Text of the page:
You should read the summary historical consolidated financial and operating data set forth below in conjunction with the sections titled "Management's Discussion and Analysis of Financial Condition and Results of Operations" as well as our financial statements and the related notes included elsewhere in this Offering Circular. The following table summarizes certain selected consolidated financial data for the periods presented. Our historical results may not be indicative of our future performance. The summary historical consolidated financial and operating information presented below contains financial measures that are not presented in accordance with GAAP. See "Non-GAAP Financial Measures."

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  (unaudited)
As of and for the nine
months ended
September 30,
   
   
  Pro forma as
of and for the
nine months
ended
September 30,
2017
   
 
 
  As of and for the year
ended December 31,
   
 
 
  Pro forma as
of and for the
year ended
December 31, 2016
 
(in thousands, except percentages and per share amounts)
  2017   2016   2016   2015  

Income Statement Data

                                     

Revenues, net

                                     

Rooms

  $ 22,872   $ 20,659   $ 28,671   $ 24,350   $ 22,872   $ 28,671  

Food and beverage

    6,962     7,085     8,148     8,022     6,962     8,148  

Other operating departments, rental and other

    5,099     4,650     5,745     5,028     5,099     5,745  

Total revenue

    34,933     32,394     42,564     37,400     34,933     42,564  

Departmental costs and expenses

                                     

Rooms

    5,077     4,920     6,350     5,416     5,077     6,350  

Food and beverage

    5,247     5,734     7,137     6,785     5,247     7,137  

Other operating departments, rental and other

    2,394     2,606     3,279     2,834     2,394     3,279  

Total departmental costs and expenses

    12,718     13,260     16,766     15,035     12,718     16,766  

Departmental income

    22,215     19,134     25,798     22,365     22,215     25,798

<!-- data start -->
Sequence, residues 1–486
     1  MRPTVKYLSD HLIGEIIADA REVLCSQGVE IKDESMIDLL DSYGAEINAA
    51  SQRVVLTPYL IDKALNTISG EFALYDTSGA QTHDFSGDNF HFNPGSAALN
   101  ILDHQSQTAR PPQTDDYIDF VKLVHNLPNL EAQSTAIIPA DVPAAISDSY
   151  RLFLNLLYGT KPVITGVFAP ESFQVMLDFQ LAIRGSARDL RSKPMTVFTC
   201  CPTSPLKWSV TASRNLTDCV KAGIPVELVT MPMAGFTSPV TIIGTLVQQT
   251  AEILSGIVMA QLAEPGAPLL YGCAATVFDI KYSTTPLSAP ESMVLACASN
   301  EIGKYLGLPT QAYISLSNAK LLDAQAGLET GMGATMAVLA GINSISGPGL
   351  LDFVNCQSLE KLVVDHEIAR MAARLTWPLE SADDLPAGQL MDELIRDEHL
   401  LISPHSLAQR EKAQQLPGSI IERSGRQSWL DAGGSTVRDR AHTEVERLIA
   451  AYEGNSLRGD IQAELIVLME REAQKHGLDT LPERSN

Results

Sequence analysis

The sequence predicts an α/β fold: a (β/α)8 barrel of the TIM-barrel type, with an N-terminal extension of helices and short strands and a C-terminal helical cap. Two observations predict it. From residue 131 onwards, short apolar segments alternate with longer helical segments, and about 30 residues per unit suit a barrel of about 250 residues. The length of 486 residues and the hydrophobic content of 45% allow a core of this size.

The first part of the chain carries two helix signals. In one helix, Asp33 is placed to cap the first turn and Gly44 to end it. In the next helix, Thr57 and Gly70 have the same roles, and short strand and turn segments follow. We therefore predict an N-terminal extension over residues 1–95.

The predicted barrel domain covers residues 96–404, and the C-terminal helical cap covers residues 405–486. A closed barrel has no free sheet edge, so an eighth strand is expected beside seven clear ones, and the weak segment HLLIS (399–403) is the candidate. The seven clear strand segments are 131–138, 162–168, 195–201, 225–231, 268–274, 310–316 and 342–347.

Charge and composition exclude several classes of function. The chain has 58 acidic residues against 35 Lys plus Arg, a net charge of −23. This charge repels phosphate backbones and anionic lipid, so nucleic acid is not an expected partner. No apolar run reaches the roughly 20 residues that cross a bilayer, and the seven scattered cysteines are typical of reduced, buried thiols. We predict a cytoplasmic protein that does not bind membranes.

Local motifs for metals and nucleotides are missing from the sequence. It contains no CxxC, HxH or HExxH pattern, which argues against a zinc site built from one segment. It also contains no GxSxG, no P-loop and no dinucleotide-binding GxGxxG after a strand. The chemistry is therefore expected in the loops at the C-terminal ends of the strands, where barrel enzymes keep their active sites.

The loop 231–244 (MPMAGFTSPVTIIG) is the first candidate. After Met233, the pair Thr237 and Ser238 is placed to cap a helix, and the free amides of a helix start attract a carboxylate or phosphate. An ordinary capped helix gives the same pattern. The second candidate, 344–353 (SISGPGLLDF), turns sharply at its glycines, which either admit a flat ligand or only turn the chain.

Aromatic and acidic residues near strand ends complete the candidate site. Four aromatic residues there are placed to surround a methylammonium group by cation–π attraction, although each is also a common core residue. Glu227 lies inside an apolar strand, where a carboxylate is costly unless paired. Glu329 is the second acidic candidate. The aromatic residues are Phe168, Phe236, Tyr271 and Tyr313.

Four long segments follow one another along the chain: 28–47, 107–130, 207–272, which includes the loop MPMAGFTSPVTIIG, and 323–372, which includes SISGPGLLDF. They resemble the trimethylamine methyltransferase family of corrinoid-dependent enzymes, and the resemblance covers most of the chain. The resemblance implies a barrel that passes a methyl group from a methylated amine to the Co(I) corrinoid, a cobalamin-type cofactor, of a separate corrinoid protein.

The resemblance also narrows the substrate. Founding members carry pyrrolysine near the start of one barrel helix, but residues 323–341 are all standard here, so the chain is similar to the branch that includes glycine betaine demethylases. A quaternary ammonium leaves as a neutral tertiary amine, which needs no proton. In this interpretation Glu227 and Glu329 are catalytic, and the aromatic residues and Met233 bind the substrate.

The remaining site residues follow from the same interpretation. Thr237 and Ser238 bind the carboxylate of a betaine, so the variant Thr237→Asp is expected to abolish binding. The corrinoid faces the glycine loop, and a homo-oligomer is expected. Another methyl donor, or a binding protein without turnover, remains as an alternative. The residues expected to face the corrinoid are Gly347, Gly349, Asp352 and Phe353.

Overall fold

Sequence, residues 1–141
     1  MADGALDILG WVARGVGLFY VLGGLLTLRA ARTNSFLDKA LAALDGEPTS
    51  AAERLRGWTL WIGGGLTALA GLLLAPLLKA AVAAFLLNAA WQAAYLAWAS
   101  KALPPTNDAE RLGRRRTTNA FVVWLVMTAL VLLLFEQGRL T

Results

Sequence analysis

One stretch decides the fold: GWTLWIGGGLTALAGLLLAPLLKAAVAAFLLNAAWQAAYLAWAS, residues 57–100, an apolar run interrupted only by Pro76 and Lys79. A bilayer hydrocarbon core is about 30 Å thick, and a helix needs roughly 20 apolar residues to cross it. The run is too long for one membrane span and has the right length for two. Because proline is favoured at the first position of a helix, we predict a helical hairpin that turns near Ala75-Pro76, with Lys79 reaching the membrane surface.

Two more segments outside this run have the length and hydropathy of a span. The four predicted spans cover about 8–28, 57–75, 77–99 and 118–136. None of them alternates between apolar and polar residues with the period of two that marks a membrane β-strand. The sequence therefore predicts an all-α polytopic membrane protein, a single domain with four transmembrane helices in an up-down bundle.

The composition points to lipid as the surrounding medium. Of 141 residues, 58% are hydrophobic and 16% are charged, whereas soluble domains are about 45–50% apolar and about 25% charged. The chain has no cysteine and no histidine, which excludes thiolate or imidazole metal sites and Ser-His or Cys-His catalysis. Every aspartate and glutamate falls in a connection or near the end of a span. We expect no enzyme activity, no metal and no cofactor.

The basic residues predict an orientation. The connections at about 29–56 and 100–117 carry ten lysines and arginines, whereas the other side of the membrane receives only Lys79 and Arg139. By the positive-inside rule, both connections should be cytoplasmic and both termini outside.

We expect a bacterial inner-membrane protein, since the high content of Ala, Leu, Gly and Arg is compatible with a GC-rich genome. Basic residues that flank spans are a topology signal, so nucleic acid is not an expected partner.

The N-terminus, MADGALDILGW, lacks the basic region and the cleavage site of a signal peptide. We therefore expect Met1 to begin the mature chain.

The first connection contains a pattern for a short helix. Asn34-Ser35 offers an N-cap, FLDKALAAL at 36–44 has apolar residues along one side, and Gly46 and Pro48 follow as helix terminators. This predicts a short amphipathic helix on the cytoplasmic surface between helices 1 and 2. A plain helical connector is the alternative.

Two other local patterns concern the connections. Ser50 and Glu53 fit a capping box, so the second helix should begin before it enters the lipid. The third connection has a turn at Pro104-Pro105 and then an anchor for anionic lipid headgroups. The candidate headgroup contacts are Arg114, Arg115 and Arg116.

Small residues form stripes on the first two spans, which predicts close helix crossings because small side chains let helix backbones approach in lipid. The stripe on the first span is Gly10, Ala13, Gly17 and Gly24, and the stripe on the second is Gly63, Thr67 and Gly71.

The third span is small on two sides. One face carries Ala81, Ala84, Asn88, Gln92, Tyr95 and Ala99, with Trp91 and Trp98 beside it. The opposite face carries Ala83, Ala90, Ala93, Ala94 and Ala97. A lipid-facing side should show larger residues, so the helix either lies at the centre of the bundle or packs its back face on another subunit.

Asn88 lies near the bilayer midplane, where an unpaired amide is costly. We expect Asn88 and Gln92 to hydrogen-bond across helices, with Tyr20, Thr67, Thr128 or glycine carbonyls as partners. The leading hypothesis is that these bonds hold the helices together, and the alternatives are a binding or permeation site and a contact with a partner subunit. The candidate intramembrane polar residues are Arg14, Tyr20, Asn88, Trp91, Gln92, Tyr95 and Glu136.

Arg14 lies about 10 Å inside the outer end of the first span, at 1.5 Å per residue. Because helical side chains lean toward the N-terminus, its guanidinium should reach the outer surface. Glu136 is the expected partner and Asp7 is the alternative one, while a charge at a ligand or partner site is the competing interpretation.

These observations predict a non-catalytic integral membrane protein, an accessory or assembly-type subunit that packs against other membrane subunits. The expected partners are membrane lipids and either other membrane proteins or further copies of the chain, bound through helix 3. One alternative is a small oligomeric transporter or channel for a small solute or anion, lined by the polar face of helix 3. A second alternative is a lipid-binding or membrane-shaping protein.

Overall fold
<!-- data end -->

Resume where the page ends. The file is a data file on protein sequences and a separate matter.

Total operating expenses

    16,822     15,146     20,165     18,457     19,585     24,508  

Operating income, net

    5,393     3,988     5,633     3,908     2,630     1,290  

Interest expense

    5,230     4,318     5,792     7,273     5,366     6,334  

Other income

            (250 )   (213 )       (250 )

Net income (loss)

    163     (330 )   91     (3,152 )   (2,736 )   (4,794 )

Net (income) loss attributable to non-controlling interest in operating partnership

                    1,395     2,445  

Net Income (loss) attributable to the Company

    163     (330 )   91     (3,152 )   (1,341 )   (2,349 )

Basic and diluted per common share data:

                                     

Basic and diluted net income (loss) available to common shareholders(1)

  $ 0.00   $ (0.01 ) $ 0.00   $ (0.06 ) $ (0.80 ) $ (1.40 )

Basic weighted average common shares outstanding

    50,000,000     50,000,000     50,000,000     50,000,000     1,675,000     1,675,000  

Balance Sheet Data

                                     

Cash and cash equivalents

  $ 5,357   $ 4,138   $ 6,030   $ 4,339   $ 6,357   $ 8,143  

Other current assets

    4,080     3,601     7,993     7,230     4,081     7,993  

Property and equipment, net

    96,700     98,827     98,250     100,902     183,952     184,005  

Total assets

    106,481     106,762     112,471     112,699     194,490     200,338  

Total current liabilities

    6,991     6,889     12,073     10,505     6,748     12,073  

Notes payable

    119,375     99,794     99,897     99,484     119,375     119,897  

Stockholder's equity

    (19,885 )   78     500     2,709     33,500     33,500  

Non-controlling interest in operating partnership

                    34,867     34,867  

Total stockholder's equity, and non-controlling interest in operating partnership

    (19,885 )   78     500     2,709     68,367     68,367  

Performance Data

                                     

Hotel NOI

  $ 12,492   $ 9,885   $ 13,942   $ 11,236   $ 12,313   $ 13,372  

FFO

  $ 4,250   $ 3,830   $ 5,631   $ 2,078   $ 4,884   $ 5,380  

Adjusted FFO

  $ 4,550   $ 3,847   $ 5,648   $ 3,520   $ 5,184   $ 5,640  

Rooms department net profit

    77.8 %   76.2 %   77.9 %   77.8 %   77.8 %   77.9 %

Occupancy

    66.0 %   67.0 %   60.0 %   56.1 %   66.0 %   60.0 %

ADR

  $ 709   $ 628   $ 733   $ 664   $ 709   $ 733  

RevPAR

  $ 468   $ 421   $ 440   $ 373   $ 468   $ 440  

Food & beverage department net profit

    24.6 %   19.1 %   12.4 %   15.4 %   24.6 %   12.4 %

Other operating department, rental and other net profit                   

    53.0 %   44.0 %   42.9 %   43.6 %   53.0 %   42.9 %

(1)